Do You Even Chaplain, Bro?

navycoverA Chaplain has been dismissed (pending appeal) from military service for evangelizing troops under his care. Kudos to the military for finally enforcing professional chaplain conduct. That having been said, this issue is still under investigation and the details are by no means all understood. So MAAF and readers should withhold judgement until and if relevant details come to light. The purpose of this article is to look only at the claims in two specific documents. The first is the “Detachment for Cause” letter from the Navy which dismissed Chaplain Modder from military service. The second is the legal response from Liberty Institute, a common defender of government evangelism. By reviewing the actual allegations, we might not have a full view of what occurred, but we will have an interesting case in point to consider.

First, from the Liberty response letter:

Chaplain Modder believes that anything less than his philosophy would be a disservice to the sailors and Marines with which he is entrusted, and would render him ineffective as a chaplain… he explains to them that when he conducts counseling, his role is to listen to the individual, and should they ask questions, he is compelled by his faith to answer from a biblical worldview.

So Chaplain Modder’s counsel, Liberty Institute, is admitting that Chaplain Modder refuses to provide anything but faith-based counseling. The letter also says Chaplain Modder will care for everyone, but he will only give the care he wants, without any concern for what those in his care want or need.

This double-speak – “I’ll help but only in a way that makes me feel comfortable.” – is not chaplaincy. Traditional ministry/clergy work allows for work only in a specific faith context. Chaplaincy is about the chaplain adopting discomfort for themselves in order to help others who may or may not share the same beliefs as the chaplain. That doesn’t mean the chaplain has to give counseling contrary to his or her beliefs, just that utilizing secular approaches, making referrals to others, or being silent are acceptable while pushing unwanted, unshared religious edicts on vulnerable military personnel is prohibited. The US military requires (DoDI 1304.28) chaplains to serve in a “pluralistic environment”. And while that wording is not specific enough to avoid these problems, the spirit of the regulation means that CH Modder’s condition – that he is compelled by his faith to answer for a biblical world view. That means he can’t work in a pluralistic environment so can’t be a chaplain. And that is exactly why he was dismissed, according to the Detachment Letter from the Navy.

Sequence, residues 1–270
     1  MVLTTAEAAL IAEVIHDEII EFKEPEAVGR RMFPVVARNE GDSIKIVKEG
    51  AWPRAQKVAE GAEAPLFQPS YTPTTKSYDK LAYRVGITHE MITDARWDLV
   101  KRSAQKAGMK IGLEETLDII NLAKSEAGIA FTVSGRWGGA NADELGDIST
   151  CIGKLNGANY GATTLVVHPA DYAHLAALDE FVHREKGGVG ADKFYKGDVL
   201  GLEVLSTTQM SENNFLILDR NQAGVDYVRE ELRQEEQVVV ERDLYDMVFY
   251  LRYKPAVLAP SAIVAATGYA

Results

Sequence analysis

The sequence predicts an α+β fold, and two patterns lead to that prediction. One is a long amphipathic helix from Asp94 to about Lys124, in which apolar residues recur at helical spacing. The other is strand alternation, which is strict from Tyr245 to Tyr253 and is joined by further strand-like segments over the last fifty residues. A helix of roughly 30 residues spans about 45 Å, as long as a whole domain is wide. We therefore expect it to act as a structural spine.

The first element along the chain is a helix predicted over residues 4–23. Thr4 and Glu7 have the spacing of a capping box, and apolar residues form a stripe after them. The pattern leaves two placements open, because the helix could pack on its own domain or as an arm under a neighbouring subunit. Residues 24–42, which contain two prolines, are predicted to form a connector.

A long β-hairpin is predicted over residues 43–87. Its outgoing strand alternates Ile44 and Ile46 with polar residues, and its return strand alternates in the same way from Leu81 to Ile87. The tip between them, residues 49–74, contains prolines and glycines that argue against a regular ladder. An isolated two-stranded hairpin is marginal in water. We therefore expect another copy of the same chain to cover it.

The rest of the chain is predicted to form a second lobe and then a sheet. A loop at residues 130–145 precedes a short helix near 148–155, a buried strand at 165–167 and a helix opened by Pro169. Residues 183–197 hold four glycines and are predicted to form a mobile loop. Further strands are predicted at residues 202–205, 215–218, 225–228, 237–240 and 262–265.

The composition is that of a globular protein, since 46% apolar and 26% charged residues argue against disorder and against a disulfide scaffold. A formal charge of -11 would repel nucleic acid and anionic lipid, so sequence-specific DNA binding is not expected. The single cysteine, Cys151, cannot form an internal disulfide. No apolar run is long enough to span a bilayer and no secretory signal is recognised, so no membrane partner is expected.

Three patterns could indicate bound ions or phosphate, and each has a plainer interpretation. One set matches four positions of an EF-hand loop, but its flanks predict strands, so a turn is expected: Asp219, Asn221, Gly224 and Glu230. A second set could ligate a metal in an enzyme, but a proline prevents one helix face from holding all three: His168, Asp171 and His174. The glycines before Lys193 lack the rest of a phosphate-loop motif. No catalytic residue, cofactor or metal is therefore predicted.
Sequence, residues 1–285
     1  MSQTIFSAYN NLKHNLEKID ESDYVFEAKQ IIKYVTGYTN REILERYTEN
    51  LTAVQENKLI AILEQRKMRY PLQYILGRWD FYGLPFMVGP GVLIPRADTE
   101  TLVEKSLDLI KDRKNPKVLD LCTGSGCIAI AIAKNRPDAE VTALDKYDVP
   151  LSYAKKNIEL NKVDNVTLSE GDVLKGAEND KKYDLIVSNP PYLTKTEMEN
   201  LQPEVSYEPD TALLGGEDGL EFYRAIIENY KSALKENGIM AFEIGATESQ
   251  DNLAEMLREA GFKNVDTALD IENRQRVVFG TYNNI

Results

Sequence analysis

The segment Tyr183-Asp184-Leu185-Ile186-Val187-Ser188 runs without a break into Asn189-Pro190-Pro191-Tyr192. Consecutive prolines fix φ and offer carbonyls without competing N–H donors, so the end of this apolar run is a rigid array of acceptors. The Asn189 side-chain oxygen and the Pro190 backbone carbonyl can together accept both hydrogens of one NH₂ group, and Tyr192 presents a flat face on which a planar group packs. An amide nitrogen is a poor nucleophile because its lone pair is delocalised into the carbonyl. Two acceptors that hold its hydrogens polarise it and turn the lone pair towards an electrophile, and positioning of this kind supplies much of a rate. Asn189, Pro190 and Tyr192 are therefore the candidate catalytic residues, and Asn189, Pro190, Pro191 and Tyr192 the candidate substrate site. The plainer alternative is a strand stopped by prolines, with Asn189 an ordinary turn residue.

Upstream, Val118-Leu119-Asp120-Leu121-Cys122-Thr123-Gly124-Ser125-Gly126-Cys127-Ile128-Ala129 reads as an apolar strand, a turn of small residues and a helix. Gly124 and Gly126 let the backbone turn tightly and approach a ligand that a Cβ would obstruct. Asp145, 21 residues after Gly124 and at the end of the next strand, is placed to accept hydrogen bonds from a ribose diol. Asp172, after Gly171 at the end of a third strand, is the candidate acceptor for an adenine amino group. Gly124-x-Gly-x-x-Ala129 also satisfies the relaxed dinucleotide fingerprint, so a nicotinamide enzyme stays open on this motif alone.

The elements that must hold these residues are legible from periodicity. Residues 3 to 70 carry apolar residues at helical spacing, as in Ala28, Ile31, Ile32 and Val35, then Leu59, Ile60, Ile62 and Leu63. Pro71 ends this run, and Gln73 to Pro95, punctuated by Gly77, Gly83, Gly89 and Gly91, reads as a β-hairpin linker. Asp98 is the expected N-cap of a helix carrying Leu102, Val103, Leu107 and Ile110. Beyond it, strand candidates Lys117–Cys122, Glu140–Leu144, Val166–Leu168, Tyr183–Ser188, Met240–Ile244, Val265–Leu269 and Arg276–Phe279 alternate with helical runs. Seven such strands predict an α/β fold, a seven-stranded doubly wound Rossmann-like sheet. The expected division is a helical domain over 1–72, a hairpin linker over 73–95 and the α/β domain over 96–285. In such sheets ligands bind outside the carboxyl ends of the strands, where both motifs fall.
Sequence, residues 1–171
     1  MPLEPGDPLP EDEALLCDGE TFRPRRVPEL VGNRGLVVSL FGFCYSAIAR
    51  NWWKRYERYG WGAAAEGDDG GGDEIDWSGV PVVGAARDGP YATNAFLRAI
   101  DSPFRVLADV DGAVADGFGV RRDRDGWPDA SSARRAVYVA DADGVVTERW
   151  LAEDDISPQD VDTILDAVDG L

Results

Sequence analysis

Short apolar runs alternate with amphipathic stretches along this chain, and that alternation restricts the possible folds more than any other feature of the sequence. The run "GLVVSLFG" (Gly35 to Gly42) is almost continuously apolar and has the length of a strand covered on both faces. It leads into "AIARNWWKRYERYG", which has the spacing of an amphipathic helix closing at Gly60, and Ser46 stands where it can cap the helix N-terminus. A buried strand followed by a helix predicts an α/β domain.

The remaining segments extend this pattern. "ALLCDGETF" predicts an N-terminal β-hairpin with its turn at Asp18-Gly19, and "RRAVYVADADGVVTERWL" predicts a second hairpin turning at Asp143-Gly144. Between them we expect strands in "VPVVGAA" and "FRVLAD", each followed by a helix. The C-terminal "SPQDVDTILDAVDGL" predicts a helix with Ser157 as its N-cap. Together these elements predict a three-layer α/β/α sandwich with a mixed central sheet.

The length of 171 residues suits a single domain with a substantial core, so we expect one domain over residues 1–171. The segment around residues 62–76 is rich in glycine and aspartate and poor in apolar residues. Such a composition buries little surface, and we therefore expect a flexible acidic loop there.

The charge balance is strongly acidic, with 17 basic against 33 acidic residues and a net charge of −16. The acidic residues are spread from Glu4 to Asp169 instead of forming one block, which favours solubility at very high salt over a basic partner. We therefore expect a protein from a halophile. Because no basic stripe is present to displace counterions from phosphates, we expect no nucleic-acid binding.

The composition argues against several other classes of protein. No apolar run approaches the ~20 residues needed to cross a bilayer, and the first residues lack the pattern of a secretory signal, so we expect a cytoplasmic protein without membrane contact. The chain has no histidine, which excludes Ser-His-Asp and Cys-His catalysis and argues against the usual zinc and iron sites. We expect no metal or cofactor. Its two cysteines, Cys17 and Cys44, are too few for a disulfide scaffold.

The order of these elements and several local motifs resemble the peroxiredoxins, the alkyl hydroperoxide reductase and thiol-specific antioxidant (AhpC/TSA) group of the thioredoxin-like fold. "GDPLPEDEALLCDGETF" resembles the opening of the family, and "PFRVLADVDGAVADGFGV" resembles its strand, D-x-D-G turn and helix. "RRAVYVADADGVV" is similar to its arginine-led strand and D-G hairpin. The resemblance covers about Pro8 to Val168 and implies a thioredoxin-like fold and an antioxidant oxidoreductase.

“[he] was unable to provide counseling and attend to personal and relational needs outside of a specific faith group context.”

There were other allegations of discrimination, including that he told sexually active students they were ‘shaming’ themselves, that he said he could “save” gay people, and that he berated an unwed pregnant service member. Let me say this that if a person ASKs for faith-based counseling from a chaplain, the chaplain should be able to say pretty much anything. When asking for faith-based counseling, the person is requesting authentic advice from a certified expert in that faith, which the chaplain is. If the chaplain says what I or someone else might consider offensive, it’s irrelevant unless the endorsing agency objects. Due to church-state separation, the US and the military recognizes only the ecclesiastical endorser’s authority in faith-based discussions and activities. (There may be exceptions, but that is the spirit). The statements above and other discriminatory actions were apparently outside the context of confidential chaplain counseling sessions, which would presumably be protected by chaplain confidentiality.

“Based on the nature of the confidential communications between chaplains and the members they counsel… to expose [personnel] to LCDR Modder may be a recipe for tragedy.”

Correct. Chaplains are entrusted with vulnerable military personnel and as such must submit to certain professional restrictions when in the conduct of their professional duties. When the chaplain refuses to counsel from anything but his own faith perspective, be it Assemblies of God, Church of God, Islamic Society, Buddhist Churches, or Humanist Society, then that person ceases to be a chaplain and should be removed from any chaplain role.